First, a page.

5. 6.

7. 8.

the fish cakes into 5-cm squares. Set aside. Stir in the previously prepared gochujang sauce in the broth. Add the sliced garaetteok and simmer until the garaetteok becomes soft, and the sauce becomes thick. (Stir constantly so that the rice cakes won’t stick to the bottom of the pan.) Add the sliced fish cakes, leeks, and cabbage and gently mix them with the sauce. Remove from heat. Serve immediately and garnish by sprinkling toasted sesame seeds on top.

This dish can be served with sliced boiled eggs or fried dumplings.

Watch Jeehyoung demonstrate how to prepare this delicious Korean dish in an 8-minute video on YouTube at http://sn.im/tteokbokki. Rice Today October-December 2013

Geraldine Malitic

Michael Thomson

For the love of rice by Alaric Francis Santiaguel

Two scientists, worlds apart but with a common passion, end up being more than laboratory partners


t first glance, Endang Septiningsih and Michael Thomson are worlds apart. Dr. Septiningsih was born and raised in Indonesia. Dr. Thomson hails from the southwestern United States. Despite the distance of some 15 thousand kilometers between them, fate, science, and a common passion to improve rice and farmers’ lives found a way to bring them together.

When Michael met Septi

Septi, as she is called by her colleagues at the International Rice Research Institute (IRRI), had a keen interest in plant breeding as an undergraduate student in Gadjah Mada University, Yogyakarta, Indonesia. She then became a researcher at the Indonesian Center for Agricultural Biotechnology and Genetic Resources Research and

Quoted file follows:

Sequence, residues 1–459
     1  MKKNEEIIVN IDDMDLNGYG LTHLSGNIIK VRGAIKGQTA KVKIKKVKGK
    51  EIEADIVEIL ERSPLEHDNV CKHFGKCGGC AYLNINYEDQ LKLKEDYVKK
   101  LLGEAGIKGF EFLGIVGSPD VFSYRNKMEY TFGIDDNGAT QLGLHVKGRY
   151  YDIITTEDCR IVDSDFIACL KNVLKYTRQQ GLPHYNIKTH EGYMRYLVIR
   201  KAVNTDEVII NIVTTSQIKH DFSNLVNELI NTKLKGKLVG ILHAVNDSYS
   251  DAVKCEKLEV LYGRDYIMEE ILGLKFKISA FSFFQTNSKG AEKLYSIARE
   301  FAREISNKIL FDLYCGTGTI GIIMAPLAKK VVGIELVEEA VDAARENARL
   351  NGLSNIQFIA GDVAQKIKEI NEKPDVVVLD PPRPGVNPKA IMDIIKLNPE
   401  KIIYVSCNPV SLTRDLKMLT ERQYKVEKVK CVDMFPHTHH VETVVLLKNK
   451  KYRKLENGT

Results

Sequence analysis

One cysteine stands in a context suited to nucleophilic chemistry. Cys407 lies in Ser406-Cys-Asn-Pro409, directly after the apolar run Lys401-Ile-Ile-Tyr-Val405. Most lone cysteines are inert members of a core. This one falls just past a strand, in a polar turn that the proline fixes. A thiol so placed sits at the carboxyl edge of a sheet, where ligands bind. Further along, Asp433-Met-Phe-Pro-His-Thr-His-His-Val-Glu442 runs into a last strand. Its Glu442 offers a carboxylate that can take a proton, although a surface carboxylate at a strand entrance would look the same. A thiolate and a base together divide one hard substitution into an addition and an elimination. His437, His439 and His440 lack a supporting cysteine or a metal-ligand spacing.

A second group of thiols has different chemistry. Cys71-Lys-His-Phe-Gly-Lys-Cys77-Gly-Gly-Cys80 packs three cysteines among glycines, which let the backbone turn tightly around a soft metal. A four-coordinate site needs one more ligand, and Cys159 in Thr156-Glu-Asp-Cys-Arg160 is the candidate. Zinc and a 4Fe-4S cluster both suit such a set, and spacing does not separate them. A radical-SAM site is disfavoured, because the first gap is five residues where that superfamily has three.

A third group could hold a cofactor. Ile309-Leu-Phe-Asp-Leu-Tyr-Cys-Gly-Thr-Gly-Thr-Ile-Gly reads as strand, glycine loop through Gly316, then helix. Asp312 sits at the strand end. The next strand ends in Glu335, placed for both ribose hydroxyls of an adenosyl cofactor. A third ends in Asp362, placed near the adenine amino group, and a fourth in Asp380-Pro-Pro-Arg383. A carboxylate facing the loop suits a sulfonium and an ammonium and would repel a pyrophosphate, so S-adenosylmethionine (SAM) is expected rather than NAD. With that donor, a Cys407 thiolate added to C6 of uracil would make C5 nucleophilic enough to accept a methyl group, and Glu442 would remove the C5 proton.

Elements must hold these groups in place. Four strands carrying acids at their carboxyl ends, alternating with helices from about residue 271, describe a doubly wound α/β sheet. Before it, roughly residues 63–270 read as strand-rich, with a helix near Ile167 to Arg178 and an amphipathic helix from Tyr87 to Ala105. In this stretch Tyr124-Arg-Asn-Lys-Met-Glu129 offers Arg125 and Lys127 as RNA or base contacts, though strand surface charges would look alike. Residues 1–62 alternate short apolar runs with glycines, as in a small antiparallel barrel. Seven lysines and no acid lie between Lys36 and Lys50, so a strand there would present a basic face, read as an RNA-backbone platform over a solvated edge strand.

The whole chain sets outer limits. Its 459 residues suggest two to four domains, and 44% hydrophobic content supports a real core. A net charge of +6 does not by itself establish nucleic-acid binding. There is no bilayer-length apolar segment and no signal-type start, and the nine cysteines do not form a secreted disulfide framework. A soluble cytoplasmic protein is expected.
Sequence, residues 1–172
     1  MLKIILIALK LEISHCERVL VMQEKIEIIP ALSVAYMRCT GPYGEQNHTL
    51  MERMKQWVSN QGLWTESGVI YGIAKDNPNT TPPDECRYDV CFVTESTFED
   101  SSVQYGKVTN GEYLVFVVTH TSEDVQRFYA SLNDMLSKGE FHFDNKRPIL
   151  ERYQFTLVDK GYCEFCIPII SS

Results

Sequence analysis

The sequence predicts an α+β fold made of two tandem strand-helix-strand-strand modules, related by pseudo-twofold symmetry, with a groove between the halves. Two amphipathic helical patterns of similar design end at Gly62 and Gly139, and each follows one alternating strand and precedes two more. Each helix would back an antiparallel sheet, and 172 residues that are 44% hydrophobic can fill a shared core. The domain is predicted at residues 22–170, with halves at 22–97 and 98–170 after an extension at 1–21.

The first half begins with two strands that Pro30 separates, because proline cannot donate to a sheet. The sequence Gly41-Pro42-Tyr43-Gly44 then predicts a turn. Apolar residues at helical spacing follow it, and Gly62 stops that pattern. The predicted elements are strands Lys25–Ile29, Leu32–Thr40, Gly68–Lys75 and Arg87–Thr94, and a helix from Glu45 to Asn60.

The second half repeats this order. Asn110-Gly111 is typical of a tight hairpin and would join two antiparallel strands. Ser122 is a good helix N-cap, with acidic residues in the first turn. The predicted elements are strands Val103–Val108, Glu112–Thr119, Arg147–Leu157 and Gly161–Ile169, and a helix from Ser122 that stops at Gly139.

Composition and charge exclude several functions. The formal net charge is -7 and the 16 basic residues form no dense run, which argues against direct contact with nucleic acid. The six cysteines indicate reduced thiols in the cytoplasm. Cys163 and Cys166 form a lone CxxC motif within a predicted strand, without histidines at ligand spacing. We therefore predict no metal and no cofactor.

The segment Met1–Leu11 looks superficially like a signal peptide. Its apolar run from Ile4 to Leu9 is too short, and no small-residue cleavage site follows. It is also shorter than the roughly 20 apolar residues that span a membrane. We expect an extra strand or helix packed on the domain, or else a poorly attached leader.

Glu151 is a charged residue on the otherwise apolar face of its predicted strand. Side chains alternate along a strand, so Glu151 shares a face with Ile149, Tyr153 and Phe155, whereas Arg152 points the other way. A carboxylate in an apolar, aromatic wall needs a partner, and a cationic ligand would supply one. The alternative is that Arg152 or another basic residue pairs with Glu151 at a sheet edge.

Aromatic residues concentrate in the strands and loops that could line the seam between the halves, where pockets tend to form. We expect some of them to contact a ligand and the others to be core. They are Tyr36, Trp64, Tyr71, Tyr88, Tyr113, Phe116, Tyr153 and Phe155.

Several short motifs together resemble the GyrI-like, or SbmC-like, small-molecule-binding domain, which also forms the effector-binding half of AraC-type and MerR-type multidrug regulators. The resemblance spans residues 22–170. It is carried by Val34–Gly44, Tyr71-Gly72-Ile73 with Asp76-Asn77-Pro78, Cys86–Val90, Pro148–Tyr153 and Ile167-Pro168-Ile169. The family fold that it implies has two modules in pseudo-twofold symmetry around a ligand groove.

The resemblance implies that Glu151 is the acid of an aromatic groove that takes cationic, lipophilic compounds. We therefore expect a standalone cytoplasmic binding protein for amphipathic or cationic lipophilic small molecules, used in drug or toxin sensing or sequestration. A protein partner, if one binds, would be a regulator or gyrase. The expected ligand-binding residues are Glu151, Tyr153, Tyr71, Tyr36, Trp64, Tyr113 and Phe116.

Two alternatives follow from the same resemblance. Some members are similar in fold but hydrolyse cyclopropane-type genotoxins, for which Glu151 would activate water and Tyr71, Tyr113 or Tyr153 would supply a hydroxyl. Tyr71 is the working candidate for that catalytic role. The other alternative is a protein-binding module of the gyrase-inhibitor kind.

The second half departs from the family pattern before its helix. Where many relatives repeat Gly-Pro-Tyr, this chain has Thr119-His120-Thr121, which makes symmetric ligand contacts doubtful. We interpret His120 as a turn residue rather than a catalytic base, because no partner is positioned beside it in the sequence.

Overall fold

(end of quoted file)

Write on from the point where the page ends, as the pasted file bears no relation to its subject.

Development (ICABIOGRAD) in Bogor. “Rice is a part of my life and rice cultivation in Indonesia is usually done by smallholder farmers,” she said. “My dream is to help them.” Michael’s love affair with rice was less direct. He became interested in plant science when he joined a high school summer program on plant biotechnology at the University of Arizona. “Even as an undergrad, I didn’t have an agriculture background so I was more interested in pure science and genetics,” he said. In 1997, Michael attended Cornell University to pursue his interest in molecular genetics, where Septi happened to be working toward her PhD in plant breeding with Susan McCouch as her adviser. Dr. McCouch, a renowned rice scientist, spent 5 years at IRRI before joining the Cornell faculty. (See A juggling act: Rice Today October-December 2013

Gender barriers and molecular maps on pages 37-39 in Rice Today Vol. 9, No. 2) “When I moved to Cornell, I spent some time working in two labs on wheat and tomatoes,” Michael said. “Finally, I worked with Dr. McCouch. Rice was the one that got me most excited.” Like the protagonists in the film When Harry Met Sally, they started off as colleagues and friends. “We were classmates and we were part of a study group with several other people from different countries,” Septi recalled. “Then we became close friends after we both studied under the same adviser.” Michael and Septi got married in 1999 and they had their first two children, both boys, while at Cornell.

Following their hearts

After completing their postdoctorates at Cornell, Michael started looking 17

Careers in full bloom

Today, Septi leads IRRI’s work to identify traits to help develop new flood-tolerant rice that can survive different types of flooding at different 18

Jon Schroeder